Friday, 1 November 2013

893 SUEDE, Teleman, Birmingham O2 Academy, Thursday 31 October 2013

No better way to spend Halloween than with a gig, methinks, especially if the hosts tend towards the slightly spooky musically as well. So here’s Suede, yet another band finding absence makes the heart grow fonder (or poorer) and reuniting, albeit after not so long a break as my last 2 gig hosts. Having broken up in 2003 after believing themselves out of step with current musical trends, they’re back with a new album, “Bloodsports”, which sounds fresh, vital and unmistakably Suede, full of the delicious glam-tinged seamy and trashy late night guitar pop of their 90‘s pre-Britpop pomp. This one was a no-doubter then, even if Rach and I had to make elaborate plans to meet up in Birmingham due to Rach’s work commitments, their closer Bristol gig having been announced after we’d gotten tickets for this one, but also clashing with our IOW holiday.
 
So I knocked off work an hour early and hit the road on my own at 4, for a heavy traffic and (when in B’rum) red light-strewn journey, eventually parking up below the Mailbox about 6.30 and meeting Rach there, getting into the venue at 7 pm doors and finding a nice place down the front to stay and chat while the place filled up. Support act Teleman – not Tena Lady, as I’d cruelly dismissed them – kept us waiting until nearly 8, then played a brand of wide-eyed innocent jangle pop with some buoyant bleep-bleep synth throw in for embellishment. They had a very early to mid 80’s feel to their optimistic music, despite their opener nicking the descending verse structure from The Fixers’ “Majesties Ranch”, and another early warm, fuzzy number recalling Welsh psych-pop boyos Big Leaves. Good for starters, but too sickly sweet for me to eat a whole one.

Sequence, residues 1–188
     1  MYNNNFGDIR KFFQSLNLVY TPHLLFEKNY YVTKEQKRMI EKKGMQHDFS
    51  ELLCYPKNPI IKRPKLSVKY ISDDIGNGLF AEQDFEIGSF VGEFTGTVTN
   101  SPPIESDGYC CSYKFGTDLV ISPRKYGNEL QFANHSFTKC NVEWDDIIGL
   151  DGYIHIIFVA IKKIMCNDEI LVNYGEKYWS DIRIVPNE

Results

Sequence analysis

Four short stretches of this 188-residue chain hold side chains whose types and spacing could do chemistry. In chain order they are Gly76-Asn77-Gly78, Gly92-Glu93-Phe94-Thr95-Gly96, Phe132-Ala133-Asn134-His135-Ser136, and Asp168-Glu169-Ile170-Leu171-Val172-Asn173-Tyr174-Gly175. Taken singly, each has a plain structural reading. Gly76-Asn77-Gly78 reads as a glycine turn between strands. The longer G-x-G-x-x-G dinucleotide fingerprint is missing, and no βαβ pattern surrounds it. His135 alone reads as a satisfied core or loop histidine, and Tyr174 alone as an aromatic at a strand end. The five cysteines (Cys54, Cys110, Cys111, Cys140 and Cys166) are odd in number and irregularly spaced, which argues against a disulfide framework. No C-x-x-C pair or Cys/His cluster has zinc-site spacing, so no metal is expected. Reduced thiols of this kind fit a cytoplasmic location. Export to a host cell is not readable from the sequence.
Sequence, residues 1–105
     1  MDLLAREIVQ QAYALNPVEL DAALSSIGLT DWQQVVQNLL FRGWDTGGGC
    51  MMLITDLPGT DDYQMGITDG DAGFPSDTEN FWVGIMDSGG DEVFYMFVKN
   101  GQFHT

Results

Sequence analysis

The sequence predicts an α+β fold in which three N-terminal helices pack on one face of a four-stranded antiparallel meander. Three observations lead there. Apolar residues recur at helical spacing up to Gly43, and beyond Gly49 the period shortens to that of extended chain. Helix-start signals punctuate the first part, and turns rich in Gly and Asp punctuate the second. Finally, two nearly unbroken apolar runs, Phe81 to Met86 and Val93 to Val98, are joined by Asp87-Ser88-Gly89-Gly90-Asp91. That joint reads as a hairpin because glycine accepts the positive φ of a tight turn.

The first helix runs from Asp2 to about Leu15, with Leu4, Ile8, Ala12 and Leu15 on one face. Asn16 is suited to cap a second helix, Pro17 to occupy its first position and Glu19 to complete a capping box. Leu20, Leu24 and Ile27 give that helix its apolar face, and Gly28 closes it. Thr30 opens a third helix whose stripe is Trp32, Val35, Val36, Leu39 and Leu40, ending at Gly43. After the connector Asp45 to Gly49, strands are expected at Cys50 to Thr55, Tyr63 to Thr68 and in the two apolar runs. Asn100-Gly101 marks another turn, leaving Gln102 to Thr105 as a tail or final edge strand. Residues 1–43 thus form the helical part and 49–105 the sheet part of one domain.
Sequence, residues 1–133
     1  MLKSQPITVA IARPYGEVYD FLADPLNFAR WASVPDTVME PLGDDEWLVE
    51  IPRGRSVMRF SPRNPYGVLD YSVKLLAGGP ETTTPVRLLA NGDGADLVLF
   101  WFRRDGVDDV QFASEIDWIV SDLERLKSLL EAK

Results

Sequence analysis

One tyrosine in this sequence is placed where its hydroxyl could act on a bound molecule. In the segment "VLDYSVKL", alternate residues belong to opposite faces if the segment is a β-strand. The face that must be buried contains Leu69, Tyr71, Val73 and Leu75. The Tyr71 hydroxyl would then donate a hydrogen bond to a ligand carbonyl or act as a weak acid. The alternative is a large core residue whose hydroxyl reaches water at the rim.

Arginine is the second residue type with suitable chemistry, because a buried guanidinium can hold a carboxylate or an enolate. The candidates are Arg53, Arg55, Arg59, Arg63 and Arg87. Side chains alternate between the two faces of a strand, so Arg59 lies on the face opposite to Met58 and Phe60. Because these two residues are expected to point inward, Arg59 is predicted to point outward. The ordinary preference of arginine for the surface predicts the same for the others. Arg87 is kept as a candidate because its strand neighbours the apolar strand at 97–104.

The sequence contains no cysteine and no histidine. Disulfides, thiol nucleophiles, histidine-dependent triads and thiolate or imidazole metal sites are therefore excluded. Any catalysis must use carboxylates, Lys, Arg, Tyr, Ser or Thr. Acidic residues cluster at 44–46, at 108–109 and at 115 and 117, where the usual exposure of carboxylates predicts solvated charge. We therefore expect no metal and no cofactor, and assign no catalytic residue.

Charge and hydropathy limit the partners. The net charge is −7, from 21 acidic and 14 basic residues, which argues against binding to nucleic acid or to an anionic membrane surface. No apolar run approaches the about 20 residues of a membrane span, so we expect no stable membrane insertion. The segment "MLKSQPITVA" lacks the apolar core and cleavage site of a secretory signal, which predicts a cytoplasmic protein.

The busy front got even busier – surely this was a sell-out on the night! – as a finicky soundcheck delayed Suede’s arrival until just after 9, by which time the audience were just about ready to pop. Coming on to orchestral music and opening with a slow-burn, dramatic opener “High Rising”, their subsequent acceleration into the superb opening triad from new album “Bloodsports” seemed more sudden as a consequence. “Barriers” saw vocalist and main driving force Brett Anderson in everyones’ face, exhorting the crowd to sing along; a magnificent “Snowblind” featured a strident chorus which pushed even Brett’s impressive dark voice thrillingly beyond its’ comfort zone; and Brett asked, “are you ready to rock – in a gothic kind of way?” before “It Starts And Ends With You’’s soaring chorus shook the rafters, Brett already helicoptering his mic wire and giving himself completely to the music with gleeful abandon. As did we, already wild moshpit-bound.
 
It got even better. “Trash” was immense, the communal singalong conducted by a flamboyant Brett, strutting and preening onstage like a King Peacock, the epicentre of the show, all fulsome gestures. He abandoned the stage during “Animal Nitrate”, delving into the front rows and eliciting frenzied responses, remaining there for the glam sleaze of “Filmstar”. The man certainly had his mojo working tonight, revelling in the manic crowd response and delivering a consummate frontman performance, his Bowie-esque late night vocals and gestures dovetailing perfectly.
 
Thankfully there was light and shade in the mix tonight; a well-paced set with some slower numbers to catch one’s breath. “Here’s one from the new album – actually you’ve been really good with the new album [songs], singing along; I like that!” announced Brett before the slower “Sometimes I Feel I’ll Float Away”. “The Drowners” took us right back to 1992, the slashing guitar riff and Bowie “Starman” chorus line resonating around the venue, and a heart cracking “Wild Ones” recalled Bowie’s “Sweet Thing” and acted as an all-inclusive manifesto.
 
“Metal Mickey” saw Brett diving into the front rows again, before a tremendous “Beautiful Ones” closed the set, the band returning for a brilliant, plangent “New Generation”, preceded by effusive words of praise from our articulate host (“we always have a good time when we get together”), who, sweat-soaked and breathless, had given his all tonight, along with his tight, impressive band. An evergreen performance from an enduring star. “Out of step”? P’fah, Suede have returned and are more fresh, relevant and vital than ever. On tonight’s form, miss them at your peril.

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